Formula review could slash GMS pay by 30%

Core pay for GMS practices could fall by up to 30 per cent under proposed changes to the global sum formula.

Proposals were put out for consultation with the profession last week in a joint document from the GPC and NHS Employers.

The document outlines options for the future of the MPIG, but does not make recommendations. Decisions about the MPIG will be taken following a separate review.

However, GPC leaders said the MPIG would have to be re-calculated if a new formula was implemented to prevent practices from losing out.

The revised global sum formula would adjust for at least five key factors. It contains a revised measure of workload, a factor to account for consultation length and home visits, two factors to deal with regional variations in the cost of hiring staff or GPs, and a factor to boost funding for ‘unavoidably small’ practices that face additional costs. It could also include a factor to recognise rurality.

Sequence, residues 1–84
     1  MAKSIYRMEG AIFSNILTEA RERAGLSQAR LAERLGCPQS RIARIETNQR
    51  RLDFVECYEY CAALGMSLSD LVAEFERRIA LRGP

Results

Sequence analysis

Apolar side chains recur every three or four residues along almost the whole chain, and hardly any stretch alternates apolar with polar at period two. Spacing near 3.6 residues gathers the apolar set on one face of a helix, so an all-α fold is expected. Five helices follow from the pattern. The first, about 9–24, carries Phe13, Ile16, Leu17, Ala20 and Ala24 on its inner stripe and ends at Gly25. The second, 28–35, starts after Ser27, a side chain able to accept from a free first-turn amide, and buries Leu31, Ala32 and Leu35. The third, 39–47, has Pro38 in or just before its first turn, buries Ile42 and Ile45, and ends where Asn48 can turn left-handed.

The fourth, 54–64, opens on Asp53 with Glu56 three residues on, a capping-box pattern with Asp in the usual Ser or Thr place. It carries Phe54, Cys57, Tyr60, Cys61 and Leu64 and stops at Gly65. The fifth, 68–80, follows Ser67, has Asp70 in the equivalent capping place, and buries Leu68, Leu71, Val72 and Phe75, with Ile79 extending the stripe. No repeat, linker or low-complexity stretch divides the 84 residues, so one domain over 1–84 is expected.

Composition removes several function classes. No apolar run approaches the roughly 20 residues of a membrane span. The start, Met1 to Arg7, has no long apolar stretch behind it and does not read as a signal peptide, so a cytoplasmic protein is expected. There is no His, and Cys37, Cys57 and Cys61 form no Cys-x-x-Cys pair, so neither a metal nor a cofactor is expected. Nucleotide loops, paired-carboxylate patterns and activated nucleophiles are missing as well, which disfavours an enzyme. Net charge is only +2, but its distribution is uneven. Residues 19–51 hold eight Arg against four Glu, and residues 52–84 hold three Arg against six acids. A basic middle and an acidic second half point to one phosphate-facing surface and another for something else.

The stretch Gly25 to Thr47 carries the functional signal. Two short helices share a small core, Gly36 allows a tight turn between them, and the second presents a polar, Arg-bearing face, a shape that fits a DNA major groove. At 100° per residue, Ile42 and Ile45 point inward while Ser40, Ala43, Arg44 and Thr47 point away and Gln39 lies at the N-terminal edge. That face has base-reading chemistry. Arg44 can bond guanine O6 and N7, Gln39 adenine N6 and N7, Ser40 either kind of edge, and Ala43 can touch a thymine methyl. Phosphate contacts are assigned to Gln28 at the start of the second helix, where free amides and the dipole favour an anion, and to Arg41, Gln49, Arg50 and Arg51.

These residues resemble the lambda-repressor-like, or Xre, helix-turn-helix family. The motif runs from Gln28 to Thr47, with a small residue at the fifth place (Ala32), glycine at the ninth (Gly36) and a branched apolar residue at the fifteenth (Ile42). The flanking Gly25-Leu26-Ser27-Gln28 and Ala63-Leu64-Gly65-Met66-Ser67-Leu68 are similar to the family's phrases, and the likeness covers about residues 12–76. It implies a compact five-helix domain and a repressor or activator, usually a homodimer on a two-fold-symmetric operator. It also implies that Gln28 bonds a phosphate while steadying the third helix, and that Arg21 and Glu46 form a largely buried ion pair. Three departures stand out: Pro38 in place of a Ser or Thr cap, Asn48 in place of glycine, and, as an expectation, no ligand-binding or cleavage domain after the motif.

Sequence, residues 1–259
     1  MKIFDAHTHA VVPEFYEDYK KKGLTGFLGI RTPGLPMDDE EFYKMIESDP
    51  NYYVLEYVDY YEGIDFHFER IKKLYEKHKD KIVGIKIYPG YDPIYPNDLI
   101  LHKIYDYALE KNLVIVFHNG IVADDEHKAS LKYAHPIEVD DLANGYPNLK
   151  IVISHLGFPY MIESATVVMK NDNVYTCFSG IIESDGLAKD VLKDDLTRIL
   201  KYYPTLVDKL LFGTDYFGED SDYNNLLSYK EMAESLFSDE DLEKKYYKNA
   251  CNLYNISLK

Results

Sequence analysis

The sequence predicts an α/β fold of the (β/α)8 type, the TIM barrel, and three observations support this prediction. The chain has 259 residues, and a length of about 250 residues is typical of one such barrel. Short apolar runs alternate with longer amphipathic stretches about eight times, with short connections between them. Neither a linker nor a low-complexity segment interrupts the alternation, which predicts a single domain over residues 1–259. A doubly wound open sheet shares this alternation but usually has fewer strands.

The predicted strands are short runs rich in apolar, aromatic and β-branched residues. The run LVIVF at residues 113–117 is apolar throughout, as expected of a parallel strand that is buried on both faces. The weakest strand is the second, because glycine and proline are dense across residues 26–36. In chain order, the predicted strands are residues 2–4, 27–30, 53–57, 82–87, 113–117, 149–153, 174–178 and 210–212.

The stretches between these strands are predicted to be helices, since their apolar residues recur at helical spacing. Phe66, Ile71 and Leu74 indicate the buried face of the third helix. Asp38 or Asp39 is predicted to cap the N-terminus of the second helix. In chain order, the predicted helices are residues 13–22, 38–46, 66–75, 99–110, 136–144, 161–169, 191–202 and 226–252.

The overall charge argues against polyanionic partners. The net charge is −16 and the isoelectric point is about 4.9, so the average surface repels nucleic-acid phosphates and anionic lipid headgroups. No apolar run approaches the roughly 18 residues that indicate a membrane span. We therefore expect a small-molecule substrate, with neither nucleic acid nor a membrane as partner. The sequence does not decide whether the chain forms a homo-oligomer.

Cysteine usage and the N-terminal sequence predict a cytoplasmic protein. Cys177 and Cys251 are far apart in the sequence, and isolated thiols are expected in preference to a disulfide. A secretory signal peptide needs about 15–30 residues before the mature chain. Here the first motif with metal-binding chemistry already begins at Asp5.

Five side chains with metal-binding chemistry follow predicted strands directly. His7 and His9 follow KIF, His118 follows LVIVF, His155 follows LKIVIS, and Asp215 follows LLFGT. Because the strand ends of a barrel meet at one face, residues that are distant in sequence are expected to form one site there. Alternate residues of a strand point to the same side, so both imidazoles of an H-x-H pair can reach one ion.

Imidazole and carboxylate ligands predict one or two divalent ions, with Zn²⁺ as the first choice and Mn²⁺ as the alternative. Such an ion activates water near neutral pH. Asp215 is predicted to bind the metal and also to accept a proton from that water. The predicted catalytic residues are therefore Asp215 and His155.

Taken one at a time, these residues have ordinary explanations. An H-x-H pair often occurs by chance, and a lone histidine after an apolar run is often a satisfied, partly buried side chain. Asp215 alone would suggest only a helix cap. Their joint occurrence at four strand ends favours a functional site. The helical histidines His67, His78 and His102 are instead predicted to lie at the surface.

The decision whether or not to include rurality will significantly affect how practices global sums change under the revised formula. With a rurality factor, the biggest losers would see the value of their global sums fall by up to 19 per cent, and the biggest winners would see gains of up to 83 per cent. Without it, practices could lose up to 30 per cent or gain up to 65 per cent.

The recommendations do not include weighting to recognise ethnicity or patients who speak a different language from their GP.

Weighting for nursing home and care home residents has been scrapped, as has London weighting payment worth £2.18 per unweighted patient.

Under the proposed changes, the global sum formula would not be linked to prevalence data, although the report calls for a review of technical changes required to allow this in future.

But some GPs win
The largest global sum increase if rurality factor is included
83%

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